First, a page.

Agreement Between Parent and Child Report of Health-Related Quality of Life: Impact of Time Postinjury


    loading  Checking for direct PDF access through Ovid

Abstract

Background:Health-related quality of life (HRQL) is subjective concept and, therefore, should be captured directly from the patient. However, proxy reporting of HRQL is widespread, particularly in pediatric studies where children have been considered unreliable respondents. This study assessed the level of agreement between proxy (parent) and child reports of HRQL at key time points after injury.Methods:Thirty-seven seriously injured children aged 13 years to 16 years participated in this study. The Pediatric Quality of Life inventory was administered to the parent and child at 1 month, 6 months, and 12 months after injury by telephone interview. Agreement between child and parent responses was compared using Bland-Altman plots, and Pediatric Quality of Life inventory physical and psychosocial summary scales were compared using paired t tests or Wilcoxon signed-rank tests, respectively.Results:At 1-month (psychosocial t = -4.6, p < 0.001; physical t = -6.5 p < 0.001) and 6-month (psychosocial z = -2.5, p = 0.01; physical z = -2.6, p = 0.01) postinjury there was a significant difference between the parent and child reports, with children rating their HRQL higher than their parents. At 12-months, there was no difference between the scores reported by parents and their children (psychosocial z = -0.3, p = 0.76; physical t = -0.7, p = 0.51).Conclusions:Agreement between parent and child ratings of HRQL improved with time postinjury. The findings have implications for the design of pediatric trauma outcomes studies and the routine collection of pediatric HRQL data. Parent and child reports should be considered separate but important information, particularly in the early stages following injury. Where collection of both is not feasible, parent or child report should be chosen, and interchangeable use of parent and child reports limited.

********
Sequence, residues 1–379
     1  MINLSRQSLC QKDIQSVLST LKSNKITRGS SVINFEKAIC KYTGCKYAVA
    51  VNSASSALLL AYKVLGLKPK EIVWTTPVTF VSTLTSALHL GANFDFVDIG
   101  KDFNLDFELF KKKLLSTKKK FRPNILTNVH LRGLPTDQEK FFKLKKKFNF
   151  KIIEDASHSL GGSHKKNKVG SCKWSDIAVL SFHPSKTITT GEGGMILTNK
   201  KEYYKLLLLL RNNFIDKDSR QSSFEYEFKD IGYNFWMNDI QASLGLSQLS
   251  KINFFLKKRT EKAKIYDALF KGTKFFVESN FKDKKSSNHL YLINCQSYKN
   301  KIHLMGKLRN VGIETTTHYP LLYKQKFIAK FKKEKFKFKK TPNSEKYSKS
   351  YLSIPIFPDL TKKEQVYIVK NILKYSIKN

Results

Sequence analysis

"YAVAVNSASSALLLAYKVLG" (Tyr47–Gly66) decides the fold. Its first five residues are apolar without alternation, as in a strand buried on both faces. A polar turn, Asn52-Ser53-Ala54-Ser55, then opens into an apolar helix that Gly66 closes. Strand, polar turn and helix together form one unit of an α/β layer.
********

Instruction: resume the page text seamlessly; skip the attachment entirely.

loading  Loading Related Articles